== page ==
While the rest of the show has done nothing but stumble over itself in a manner reminiscent of only the finest of terrible fanfiction, Sword Art Online’s first episode had me legitimately interested. Sure there were some aspects of it that pushed the limits of my suspension of disbelief, but there was a lot of potential there, in particular with the ways it could potentially exploit the fact that it takes place inside an MMO. Thus far, the most we’ve seen of this have been a few token nods to the video game elements of the world, such as obtrusive menus and a find-and-replace of more typical fantasy terms with their video-game equivalents. Now that these past three-or-so episodes seem to finally be setting the plot into motion, they’ve been slowly reminding me of all the things I wanted to see the series explore.
It’s too bad this reminder came in the form of a systematic avoidance of each of them.
So to make myself feel better, I’m going to write a few posts about the things I wanted to see from the show, and complain about how it’s doing the complete opposite. The first thing I noticed this episode was the prominence of old people in the world of SAO.
Issue 0: Sword Farts Online
One thing that really stood out was old-fart characters like this, who took on a more important role in these past episodes. This Sword Fart issue affects two of the things I liked: 1) Your avatar is what you look like in real life, and 2) An MMO setting would typically be full of teenagers/early 20-somethings.
Bug #1 is pretty obvious – does anybody really look like that in real life? I get that the armor and stuff is customizable, but these people look like they were pulled straight out of your everyday fantasy novel, rather than from their room in the real world. I think it’s the hair that gets me the most. The designs of the Farts like those above have pretty much forced me to conclude that there was some kind of launch day demo session for SAO being held at a local Renaissance Faire somewhere.
What I liked about the you-are-your-avatar bit was that it affords the opportunity to present the visual clash of modern-looking (i.e. not ye-olde-fantasy-looking) people in the fantasy setting of SAO. On a shallow level I think it would’ve been a neat aesthetic way to set the show apart and subtly reemphasize the video-game factor beyond the tacked-on menu system. Looking a little deeper, such a design choice could have been a springboard from which to explore issues such as discrimination towards certain demographics in video games – for example, the stigma towards female players – and the difference between the way people represent themselves online and in real life. In the end, though, it hasn’t really amounted to much, and has quite conversely resulted in continuity errors instead, such as the above Sword Farts and the occasional guild of identical grunts. It’s almost as if the creators just kinda forgot about that aspect of SAO altogether and only ever put it there in the first place as a one-off joke.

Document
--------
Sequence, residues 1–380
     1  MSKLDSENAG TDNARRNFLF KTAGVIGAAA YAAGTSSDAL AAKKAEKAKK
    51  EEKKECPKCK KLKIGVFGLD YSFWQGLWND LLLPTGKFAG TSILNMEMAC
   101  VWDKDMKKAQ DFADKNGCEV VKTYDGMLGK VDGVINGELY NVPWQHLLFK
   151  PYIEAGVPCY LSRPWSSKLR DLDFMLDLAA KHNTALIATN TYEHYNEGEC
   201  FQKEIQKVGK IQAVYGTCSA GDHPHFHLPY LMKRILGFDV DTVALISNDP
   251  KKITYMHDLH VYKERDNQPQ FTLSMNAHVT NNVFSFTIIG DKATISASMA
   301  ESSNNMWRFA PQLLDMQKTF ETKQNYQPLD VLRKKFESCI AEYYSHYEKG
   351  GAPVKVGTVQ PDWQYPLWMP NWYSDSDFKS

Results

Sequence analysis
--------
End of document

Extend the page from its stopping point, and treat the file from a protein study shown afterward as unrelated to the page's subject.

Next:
The second problem with the Sword Farts is that an MMO is one of the few settings in which I would have liked to see a primarily-teenaged cast. Not only would it have been more realistic, but it would have been a perfect chance to give teenagers a different role in anime – instead of making all the girls moe-moe love dolls and the guys personality-free nobodies, these teens could have been gamers. Make them empowered! Make them smug! Make them mean! If there’s anyone who would shrug off the danger of SAO and push the limits of the game, it’s hotheaded teens who think they’re invincible. If there’s one thing that online games do for teenagers, it’s level the playing field. Online games are a relatively new medium – enough so that adults are often no more experienced at them than kids. It’s not uncommon to have your rear end handed to you by an annoying foul-mouthed 12-year-old in Call of Duty – in the world of SAO, the reckless teens who think they know better than those washed-up old Sword Farts might actually have a point. We could have seen adults and teens acting as equals, instead of the usual formula of the single plot-armored Chosen One teenager defying and miraculously overpowering the adults who don’t believe in his potential. It could have also explored what happens when gaming allows these teens to gain a position of power – how would that hormonal, incomplete sense of judgment affect the world when they are the basis for the decisions of a person with real power and influence?
If, for example, when Kirito had gone to see the leader of the Blood Oath Guild, it had been some cocky teenager instead of a condescending adult, the show could have gone some interesting places regarding the differences in the meaning of age between video games and the real world. Instead, every antagonist so far, as well as anyone with any kind of power (at least that I can remember), has been a Sword Fart. The only exception to the power rule is our main characters, but all this does is reiterate the idea that Kirito is some kind of unique Chosen One and assign Asuna some arbitrary title whose role we never see her fulfill. I’m having trouble putting into words exactly why I’m as unhappy as I am with the Sword Farts dominating antagonism and leadership, but I think one thing it does is make SAO feel less like a game and more like an anime. The Sword Farts aren’t there because they’re meant to represent any sort of adult gamer – they’re there because in any other anime these types of characters would be adults. Rather than taking advantage of its video-game premise and using it to set itself apart from other anime, SAO is ignoring the strengths of its premise in order to prevent itself from standing out from the crowd.
And really, that’s the biggest problem this series has as a whole.